When something diminishes gradually over 10 years like power, the average person may not even notice the loss. When you push a vehicle to it's limit on a daily basis, you can feel when it's not running up to par. I had a all motor E36 M3 that could run bracket races doing 12.70's all night if you let the motor cool down enough between runs. If the car was still a little hot, I knew before picking up my time slip whether I ran a 12.70 or a 13.00
If iridiums could last 10 years or indefinitely and all they were worried about was the plug seizing in the head then why wouldn't they just recommend removing, applying antiseize and putting it back in?
 

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When something diminishes gradually over 10 years like power, the average person may not even notice the loss. When you push a vehicle to it's limit on a daily basis, you can feel when it's not running up to par.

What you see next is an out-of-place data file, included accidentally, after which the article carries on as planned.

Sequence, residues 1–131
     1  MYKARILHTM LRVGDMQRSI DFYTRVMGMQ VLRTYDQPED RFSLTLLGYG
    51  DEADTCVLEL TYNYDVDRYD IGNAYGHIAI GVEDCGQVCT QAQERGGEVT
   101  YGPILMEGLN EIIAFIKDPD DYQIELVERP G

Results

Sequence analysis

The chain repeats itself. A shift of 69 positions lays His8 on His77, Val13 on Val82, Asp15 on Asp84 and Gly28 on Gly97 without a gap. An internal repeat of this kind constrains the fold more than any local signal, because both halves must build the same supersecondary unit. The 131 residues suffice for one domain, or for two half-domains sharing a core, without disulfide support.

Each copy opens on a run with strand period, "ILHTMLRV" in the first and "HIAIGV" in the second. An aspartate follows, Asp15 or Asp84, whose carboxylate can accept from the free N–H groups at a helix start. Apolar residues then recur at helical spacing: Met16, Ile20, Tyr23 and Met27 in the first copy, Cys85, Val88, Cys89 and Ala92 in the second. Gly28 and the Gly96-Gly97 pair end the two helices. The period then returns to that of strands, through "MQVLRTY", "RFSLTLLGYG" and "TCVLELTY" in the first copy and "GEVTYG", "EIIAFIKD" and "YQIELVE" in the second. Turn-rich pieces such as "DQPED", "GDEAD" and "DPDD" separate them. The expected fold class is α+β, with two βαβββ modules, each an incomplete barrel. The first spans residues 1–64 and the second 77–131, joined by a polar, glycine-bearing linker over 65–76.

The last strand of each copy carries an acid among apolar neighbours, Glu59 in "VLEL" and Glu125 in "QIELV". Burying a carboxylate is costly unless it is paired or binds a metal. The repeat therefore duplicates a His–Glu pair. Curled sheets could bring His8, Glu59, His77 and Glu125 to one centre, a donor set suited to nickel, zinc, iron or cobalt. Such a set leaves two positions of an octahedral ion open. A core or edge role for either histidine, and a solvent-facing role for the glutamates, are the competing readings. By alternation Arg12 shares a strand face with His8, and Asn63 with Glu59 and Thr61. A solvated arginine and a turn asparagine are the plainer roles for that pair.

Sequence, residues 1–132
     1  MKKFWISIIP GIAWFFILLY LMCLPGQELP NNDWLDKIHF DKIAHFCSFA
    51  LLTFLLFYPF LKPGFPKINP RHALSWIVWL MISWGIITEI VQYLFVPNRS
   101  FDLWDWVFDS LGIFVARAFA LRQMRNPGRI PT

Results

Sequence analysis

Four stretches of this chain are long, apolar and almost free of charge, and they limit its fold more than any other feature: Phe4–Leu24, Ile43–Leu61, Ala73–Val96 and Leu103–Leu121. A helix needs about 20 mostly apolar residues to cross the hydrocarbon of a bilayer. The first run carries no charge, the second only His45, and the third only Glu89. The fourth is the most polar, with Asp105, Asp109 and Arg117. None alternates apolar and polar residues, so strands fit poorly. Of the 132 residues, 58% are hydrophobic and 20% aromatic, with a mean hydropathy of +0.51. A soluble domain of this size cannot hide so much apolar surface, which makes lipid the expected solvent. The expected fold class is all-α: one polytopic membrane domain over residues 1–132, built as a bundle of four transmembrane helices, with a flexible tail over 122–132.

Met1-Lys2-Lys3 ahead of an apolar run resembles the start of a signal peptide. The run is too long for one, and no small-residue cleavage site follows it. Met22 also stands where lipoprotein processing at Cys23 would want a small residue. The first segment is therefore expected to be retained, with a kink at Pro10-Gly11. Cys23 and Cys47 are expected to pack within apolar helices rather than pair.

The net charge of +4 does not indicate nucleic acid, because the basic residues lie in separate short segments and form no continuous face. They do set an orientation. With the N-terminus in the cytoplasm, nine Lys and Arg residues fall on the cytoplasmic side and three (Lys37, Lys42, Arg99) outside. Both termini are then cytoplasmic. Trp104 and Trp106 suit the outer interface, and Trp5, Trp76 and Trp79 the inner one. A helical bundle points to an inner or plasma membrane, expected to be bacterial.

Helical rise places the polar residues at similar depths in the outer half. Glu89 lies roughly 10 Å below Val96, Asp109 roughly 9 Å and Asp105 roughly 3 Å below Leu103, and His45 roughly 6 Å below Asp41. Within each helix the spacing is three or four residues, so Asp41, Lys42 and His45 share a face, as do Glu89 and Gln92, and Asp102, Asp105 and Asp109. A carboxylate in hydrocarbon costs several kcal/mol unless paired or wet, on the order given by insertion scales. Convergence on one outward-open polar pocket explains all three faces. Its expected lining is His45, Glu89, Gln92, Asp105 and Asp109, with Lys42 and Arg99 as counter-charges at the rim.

Yeah, but when I put the new plugs back in 2014, I haven't felt any significant change. May be I will this year with another change (another 100K miles is still far away, but it's been five years, so time for that timing belt and such).

If iridiums could last 10 years or indefinitely and all they were worried about was the plug seizing in the head then why wouldn't they just recommend removing, applying antiseize and putting it back in?
I think 10 years would be a stretch. As for antiseize - no need to put it on Iridium plugs for MDX, because they are already factory coated.
 

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Anti-seize can also lead to problems like over-torquing. It's much better to buy good, properly-plated plugs.